Franklin is known for expensive homes and its Civil War history — like the historic Carter House, a major tourist attraction where the Battle of Franklin was fought.
But right down the street lies the birthplace of the city’s African-American heritage. And as home prices skyrocket in Williamson County, this once-prominent African-American neighborhood is slowly disappearing.
Natchez Street, along with the surrounding neighborhood, was once the pulse of the city’s black community, a few blocks from downtown Franklin.
“Up and down Natchez, it’s been a lot of changes,” says Barbara Sparkman, who has called Natchez Street home for the last 23 years.
Sparkman’s house is tucked away from the street, leaving room for a huge front yard, where her family parks when visiting. She says she loves her neighborhood but can sense the inevitable changes: She often gets invitations from developers to sell her home.
Sparkman says she would always tell them no, but they would ask again: “Well, maybe in a year or two, you’ll want to sell it?”
Sparkman gives them the same answer every time they call: “Nope, I don’t think so,” she says. “I intend on being here until the Father comes.”
A Nationally Recognized History
Both Franklin officials and community members say there’s little chance anything will be done to help protect it from development.
For one thing, most residents in the neighborhood don’t own their homes like Sparkman does. Many of Natchez’s longtime residents have died, leaving historic homes to friends and family members who don’t live in the area. And many of those property owners are selling to developers.
Which is why, walking through the neighborhood, you might see an original home worth $200,000 to $300,000 sitting in front of a new building selling for three times that. This increase in property value can lead to higher property taxes, making it difficult for longtime residents to afford their homes.
For another, many residents are unaware of the historic value of their community.
During the Civil War, the 24-acres of land known as the Natchez community was the home to slaves. A few of them even worked for the Carter House up the street.
After the war ended, Natchez became a settlement for freed slaves who structured a thriving neighborhood for themselves.
“At one time, Natchez Street was kind of a self-contained community because you had a grocery store here, you had businesses,” says Kevin Riggs, the pastor of Franklin Community Church. “So an African American could grow up in Franklin, get a good education, and more than likely get a job — get a good-paying job — and all stay in the community.”
Riggs spends a lot of time on Natchez Street and is a vocal advocates for its residents. He believes the street’s rich history should be remembered as prominently as the nearby Carter House.
The neighborhood once housed a lumber mill, tobacco warehouse, a colored high school and many other African American-owned businesses. Several bungalow-style homes still have their original brick and stone from the late 1800s. In 2003, the neighborhood landed a spot on the National Register of Historic Places.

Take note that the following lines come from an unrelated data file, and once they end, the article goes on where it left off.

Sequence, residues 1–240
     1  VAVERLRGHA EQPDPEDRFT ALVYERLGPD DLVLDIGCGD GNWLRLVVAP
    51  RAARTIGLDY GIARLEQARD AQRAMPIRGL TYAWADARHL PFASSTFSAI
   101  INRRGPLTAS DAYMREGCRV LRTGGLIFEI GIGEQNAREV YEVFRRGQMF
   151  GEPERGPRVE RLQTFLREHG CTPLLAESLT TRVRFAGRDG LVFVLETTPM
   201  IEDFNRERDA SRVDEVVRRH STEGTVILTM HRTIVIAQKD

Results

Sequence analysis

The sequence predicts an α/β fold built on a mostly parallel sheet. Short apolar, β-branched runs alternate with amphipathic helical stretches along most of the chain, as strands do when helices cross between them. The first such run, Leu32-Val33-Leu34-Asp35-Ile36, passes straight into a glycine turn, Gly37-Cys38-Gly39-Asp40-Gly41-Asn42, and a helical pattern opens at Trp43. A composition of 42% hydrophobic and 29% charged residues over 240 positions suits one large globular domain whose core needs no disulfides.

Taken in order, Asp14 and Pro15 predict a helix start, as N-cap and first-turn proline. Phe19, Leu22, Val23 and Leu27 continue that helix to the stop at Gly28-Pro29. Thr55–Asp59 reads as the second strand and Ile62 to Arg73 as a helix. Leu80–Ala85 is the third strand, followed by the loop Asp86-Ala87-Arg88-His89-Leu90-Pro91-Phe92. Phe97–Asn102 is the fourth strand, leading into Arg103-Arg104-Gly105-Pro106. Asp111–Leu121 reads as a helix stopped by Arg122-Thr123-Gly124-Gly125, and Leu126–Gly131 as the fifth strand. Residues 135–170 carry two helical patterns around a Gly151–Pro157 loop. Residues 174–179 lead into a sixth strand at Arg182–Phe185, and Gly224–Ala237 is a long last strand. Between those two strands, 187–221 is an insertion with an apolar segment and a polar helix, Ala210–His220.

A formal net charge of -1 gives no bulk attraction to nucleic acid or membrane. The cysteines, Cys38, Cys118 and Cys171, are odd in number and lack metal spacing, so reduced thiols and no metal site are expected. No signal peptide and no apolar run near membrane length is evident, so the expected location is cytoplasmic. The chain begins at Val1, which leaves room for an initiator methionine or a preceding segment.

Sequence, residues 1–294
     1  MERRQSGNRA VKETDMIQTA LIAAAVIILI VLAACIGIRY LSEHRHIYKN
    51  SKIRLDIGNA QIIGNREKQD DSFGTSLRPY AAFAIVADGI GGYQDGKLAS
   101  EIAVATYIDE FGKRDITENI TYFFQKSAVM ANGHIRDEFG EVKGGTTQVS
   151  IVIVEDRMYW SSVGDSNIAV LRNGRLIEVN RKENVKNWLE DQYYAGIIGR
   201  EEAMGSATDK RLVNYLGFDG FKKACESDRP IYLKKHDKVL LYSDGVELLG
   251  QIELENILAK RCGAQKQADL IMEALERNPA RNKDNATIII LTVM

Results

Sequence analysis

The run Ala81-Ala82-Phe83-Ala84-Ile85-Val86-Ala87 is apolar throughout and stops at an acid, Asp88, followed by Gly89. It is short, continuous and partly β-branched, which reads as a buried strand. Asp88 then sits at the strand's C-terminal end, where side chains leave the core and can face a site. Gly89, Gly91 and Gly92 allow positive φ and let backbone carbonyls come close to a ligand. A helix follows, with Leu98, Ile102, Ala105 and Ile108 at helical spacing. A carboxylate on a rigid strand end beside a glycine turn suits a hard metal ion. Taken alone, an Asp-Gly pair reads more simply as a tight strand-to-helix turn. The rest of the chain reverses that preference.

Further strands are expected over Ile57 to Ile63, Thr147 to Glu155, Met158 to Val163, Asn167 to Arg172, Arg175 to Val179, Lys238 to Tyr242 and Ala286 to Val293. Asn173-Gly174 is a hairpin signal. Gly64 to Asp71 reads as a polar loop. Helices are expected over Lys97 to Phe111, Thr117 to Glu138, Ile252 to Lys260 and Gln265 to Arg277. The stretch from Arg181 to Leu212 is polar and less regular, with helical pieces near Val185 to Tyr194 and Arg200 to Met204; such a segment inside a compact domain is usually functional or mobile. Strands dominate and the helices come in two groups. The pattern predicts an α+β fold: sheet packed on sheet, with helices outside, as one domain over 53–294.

But in recent years, Riggs says, the fabric of the neighborhood has changed drastically.
“This community has this incredible history, and when it gets gentrified the history’s gone. There will be no one on that street who knows that story,” Riggs explains.
Struggle For A Historical Overlay
Ken Moore, the mayor of Franklin, says officials can’t do much to halt gentrification without a historical overlay, which would protect the architectural integrity of older houses.
Moore believes that change could help keep affordable homes in the neighborhood from being demolished by developers.
“I think it’s very important that we work to protect that area,” he says.
This has been a challenge, says Franklin Alderman Pearl Bransford. She says she’s gone door to door encouraging residents to put an overlay in place. The neighborhood has even held community meetings, but Bransford says she’s struggled to help property owners understand why it’s important. They could never get property owners to pass one.
“We have to learn and understand that this is a significant area, guys,” She says. “Do you guys realize what you have here? This is really a historic area, a historic neighborhood, and it has significance to the city.”
But even if residents were to approve an overlay, Riggs, the pastor, isn’t as optimistic as city officials about the outcome.
He says the homes may be protected, but they will still be sold, remodeled and put back on the market at a prime rate: Gentrification would still be an issue.
“It’s going to increase the money per square foot that that house cost,” Riggs says. “Gentrification still going to continue, but it’s just going to be more historical-looking homes.”
To Riggs, the only real solution is for people who care about the area, like him, to step in and help. Riggs founded an organization called the Franklin Community House that buys old homes and renovates them, making them affordable housing for residents. But it’s a slow process: So far, they’ve converted one property into three apartments and a group home.
In the meantime, the neighborhood is still changing quickly. AndSparkman, the longtime resident, says acknowledging Natchez Street’s history doesn’t seem to stop it.
“A lot of times people stop and read those signs, those land markers,” she says. “I still get the calls now to sell, but nah. It’s not a good feeling, it’s not.”
She fears that it won’t be long until there are no familiar faces on her street.